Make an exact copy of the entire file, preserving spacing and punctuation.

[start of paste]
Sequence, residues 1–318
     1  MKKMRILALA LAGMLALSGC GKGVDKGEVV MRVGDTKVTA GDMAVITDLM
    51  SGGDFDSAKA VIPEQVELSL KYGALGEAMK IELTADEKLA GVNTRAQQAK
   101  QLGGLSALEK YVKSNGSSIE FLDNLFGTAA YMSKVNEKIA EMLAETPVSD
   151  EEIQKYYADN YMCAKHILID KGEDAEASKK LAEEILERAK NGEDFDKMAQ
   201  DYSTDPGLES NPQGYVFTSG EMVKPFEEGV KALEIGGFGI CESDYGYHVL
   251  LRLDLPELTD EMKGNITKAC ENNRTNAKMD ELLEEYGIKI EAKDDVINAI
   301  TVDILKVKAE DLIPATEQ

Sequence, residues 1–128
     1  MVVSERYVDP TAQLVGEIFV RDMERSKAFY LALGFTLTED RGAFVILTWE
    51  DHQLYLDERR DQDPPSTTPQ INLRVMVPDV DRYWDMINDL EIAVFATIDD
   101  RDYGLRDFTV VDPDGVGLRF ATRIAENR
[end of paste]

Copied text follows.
Sequence, residues 1–318
     1  MKKMRILALA LAGMLALSGC GKGVDKGEVV MRVGDTKVTA GDMAVITDLM
    51  SGGDFDSAKA VIPEQVELSL KYGALGEAMK IELTADEKLA GVNTRAQQAK
   101  QLGGLSALEK YVKSNGSSIE FLDNLFGTAA YMSKVNEKIA EMLAETPVSD
   151  EEIQKYYADN YMCAKHILID KGEDAEASKK LAEEILERAK NGEDFDKMAQ
   201  DYSTDPGLES NPQGYVFTSG EMVKPFEEGV KALEIGGFGI CESDYGYHVL
   251  LRLDLPELTD EMKGNITKAC ENNRTNAKMD ELLEEYGIKI EAKDDVINAI
   301  TVDILKVKAE DLIPATEQ

Sequence, residues 1–128
     1  MVVSERYVDP TAQLVGEIFV RDMERSKAFY LALGFTLTED RGAFVILTWE
    51  DHQLYLDERR DQDPPSTTPQ INLRVMVPDV DRYWDMINDL EIAVFATIDD
   101  RDYGLRDFTV VDPDGVGLRF ATRIAENR